How do I curb compulsive eating?

Have you ever experienced moments when you loaded up on a whole pack of cookies or potato chips without being able to stop eating? This type of behavior is called compulsive eating which is characterized by the loss of control associated to a food intake which often leaves us feeling too stuffed.

What are the causes?

These food compulsions can be caused by food restriction. In an attempt to lose weight, many people limit their food intake during the day; for example, they might take a smoothie for breakfast, a salad for lunch, no snacks in between meals despite being hungry. If you are among those people who eat that way, the probability that eating gets out of control when you get back home from work is higher.

How to decrease those episodes of compulsive eating

Instead of minimizing your caloric intake, try to improve the nutritional value of your meals by incorporating a protein source at each meal (eggs, cheese, chicken, fish, tofu, legumes, nuts and seeds). In addition, make sure to have some complex carbohydrates such as quinoa, sweet potatoes, whole wheat bread, pasta or rice at meal times. These foods will help to keep you satisfied and will help in keeping your hunger and food cravings at bay.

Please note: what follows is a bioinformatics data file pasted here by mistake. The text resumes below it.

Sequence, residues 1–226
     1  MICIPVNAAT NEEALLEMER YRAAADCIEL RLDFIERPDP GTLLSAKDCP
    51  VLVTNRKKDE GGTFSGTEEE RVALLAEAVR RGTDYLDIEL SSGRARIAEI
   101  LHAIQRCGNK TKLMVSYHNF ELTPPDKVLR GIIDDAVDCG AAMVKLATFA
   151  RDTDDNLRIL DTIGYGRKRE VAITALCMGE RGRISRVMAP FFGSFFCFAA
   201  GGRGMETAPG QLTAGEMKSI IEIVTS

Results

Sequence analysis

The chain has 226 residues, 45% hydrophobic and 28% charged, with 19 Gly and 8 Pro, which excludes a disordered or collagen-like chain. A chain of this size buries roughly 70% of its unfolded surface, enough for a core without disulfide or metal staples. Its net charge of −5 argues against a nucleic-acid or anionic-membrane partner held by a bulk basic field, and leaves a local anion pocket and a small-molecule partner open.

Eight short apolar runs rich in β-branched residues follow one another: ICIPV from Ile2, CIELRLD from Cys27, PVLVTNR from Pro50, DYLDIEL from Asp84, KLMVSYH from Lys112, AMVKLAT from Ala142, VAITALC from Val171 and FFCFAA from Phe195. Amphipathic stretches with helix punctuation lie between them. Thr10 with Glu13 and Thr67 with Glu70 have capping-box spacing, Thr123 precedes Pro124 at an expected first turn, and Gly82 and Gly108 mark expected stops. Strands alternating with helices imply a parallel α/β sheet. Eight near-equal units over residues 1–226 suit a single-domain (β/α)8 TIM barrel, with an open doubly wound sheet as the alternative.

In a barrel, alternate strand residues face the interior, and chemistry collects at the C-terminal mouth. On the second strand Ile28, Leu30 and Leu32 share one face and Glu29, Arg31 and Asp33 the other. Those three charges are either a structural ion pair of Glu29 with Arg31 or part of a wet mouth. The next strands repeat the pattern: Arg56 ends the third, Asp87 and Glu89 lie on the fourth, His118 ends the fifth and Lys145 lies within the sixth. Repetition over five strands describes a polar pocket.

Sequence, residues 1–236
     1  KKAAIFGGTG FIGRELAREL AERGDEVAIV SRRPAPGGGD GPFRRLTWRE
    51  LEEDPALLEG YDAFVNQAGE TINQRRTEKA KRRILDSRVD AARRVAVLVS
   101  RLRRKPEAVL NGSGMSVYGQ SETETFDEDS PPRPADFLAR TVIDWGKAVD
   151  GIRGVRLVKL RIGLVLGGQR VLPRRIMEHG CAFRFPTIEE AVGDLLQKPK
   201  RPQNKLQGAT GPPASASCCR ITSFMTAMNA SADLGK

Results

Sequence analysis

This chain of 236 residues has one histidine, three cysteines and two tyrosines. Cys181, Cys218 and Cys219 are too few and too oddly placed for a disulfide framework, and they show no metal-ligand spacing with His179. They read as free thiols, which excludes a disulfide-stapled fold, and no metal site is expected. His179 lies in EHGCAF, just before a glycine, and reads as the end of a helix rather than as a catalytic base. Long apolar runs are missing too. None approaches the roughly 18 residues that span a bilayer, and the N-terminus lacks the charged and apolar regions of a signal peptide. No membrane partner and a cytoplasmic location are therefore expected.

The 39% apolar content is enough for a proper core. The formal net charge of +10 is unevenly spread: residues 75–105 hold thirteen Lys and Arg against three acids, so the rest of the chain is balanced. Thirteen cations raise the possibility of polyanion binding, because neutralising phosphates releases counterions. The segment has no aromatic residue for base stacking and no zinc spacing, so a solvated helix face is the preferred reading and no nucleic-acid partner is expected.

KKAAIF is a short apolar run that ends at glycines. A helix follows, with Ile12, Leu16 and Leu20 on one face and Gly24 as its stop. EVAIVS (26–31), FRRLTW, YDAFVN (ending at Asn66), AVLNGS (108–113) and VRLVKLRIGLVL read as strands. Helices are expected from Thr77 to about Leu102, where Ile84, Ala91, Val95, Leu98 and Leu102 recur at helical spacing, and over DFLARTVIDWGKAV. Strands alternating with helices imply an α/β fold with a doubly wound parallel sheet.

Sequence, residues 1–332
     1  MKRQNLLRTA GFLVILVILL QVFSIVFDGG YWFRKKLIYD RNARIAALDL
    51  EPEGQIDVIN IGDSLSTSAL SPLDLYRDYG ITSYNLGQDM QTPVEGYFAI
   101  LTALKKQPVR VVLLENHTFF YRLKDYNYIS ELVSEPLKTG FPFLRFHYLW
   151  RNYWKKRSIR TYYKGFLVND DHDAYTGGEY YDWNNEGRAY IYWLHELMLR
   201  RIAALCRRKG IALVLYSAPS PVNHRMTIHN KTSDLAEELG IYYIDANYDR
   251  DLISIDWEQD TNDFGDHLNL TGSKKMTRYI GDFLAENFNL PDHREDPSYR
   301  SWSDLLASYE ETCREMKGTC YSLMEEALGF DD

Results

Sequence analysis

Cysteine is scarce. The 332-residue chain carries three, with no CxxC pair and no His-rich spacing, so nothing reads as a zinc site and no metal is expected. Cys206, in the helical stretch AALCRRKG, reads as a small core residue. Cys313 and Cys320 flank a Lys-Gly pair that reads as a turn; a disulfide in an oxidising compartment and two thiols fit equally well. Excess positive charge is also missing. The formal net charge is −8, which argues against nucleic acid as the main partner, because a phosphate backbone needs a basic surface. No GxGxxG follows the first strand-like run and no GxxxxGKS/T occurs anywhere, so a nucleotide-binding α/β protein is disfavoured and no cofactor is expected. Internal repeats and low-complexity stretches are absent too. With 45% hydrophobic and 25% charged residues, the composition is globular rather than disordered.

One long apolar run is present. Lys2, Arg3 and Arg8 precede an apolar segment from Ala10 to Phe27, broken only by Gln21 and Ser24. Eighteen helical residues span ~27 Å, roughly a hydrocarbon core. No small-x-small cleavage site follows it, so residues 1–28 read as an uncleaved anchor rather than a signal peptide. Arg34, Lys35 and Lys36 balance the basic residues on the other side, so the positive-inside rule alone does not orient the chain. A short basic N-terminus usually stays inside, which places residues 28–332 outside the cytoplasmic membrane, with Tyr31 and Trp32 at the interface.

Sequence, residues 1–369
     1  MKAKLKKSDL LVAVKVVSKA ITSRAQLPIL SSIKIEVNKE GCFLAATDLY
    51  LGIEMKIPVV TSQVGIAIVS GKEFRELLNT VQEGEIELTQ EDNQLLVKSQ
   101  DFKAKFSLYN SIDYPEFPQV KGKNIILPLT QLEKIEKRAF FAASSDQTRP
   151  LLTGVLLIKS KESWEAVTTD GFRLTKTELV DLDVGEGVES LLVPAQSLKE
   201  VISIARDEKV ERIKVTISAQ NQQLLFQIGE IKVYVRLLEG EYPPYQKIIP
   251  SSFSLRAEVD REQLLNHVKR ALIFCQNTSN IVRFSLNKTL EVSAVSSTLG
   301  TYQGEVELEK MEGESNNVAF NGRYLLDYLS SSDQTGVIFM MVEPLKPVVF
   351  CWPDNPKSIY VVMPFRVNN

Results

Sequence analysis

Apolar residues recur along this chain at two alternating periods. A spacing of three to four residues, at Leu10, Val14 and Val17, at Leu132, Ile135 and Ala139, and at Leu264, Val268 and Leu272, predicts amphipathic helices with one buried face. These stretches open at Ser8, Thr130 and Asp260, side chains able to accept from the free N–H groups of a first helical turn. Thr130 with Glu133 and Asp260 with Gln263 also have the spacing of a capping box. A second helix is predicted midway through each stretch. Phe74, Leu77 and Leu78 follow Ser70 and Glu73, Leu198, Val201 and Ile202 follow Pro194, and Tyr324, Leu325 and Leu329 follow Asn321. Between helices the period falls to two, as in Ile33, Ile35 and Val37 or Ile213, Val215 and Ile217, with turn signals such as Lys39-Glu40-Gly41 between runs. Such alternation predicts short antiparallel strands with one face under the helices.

Often times, we have the tendency to demonize certain foods (bread, pasta, potatoes, cakes, candies, chips, etc), categorizing them as “bad foods” that should be avoided at all cost. However the very fact of not allowing yourself to eat those foods creates a feeling of frustration and other negative emotions. What becomes forbidden becomes more appealing. Eventually, you give in to the temptation because let’s be realistic, banning a lot of foods from your diet based on the fear that they will make you gain weight is simply not feasible. And when you do so, there is often a feeling of guilt and shame associated with the food intake because you blame yourself for having no will power. That feeling of guilt could exacerbate even more the food compulsions as instead of eating mindfully and savoring the food, you are eating with your head, thinking about the calories, the fat and/or sugar in the food you are eating. You are not fully satisfied and your taste buds ask you for more food, leading to the binge episodes.

Instead of forbidding yourself to eat a host of foods, why not listen to your food preferences? In doing so, your square of chocolate will taste much better and you will see probably that just a small quantity of it will be satisfying!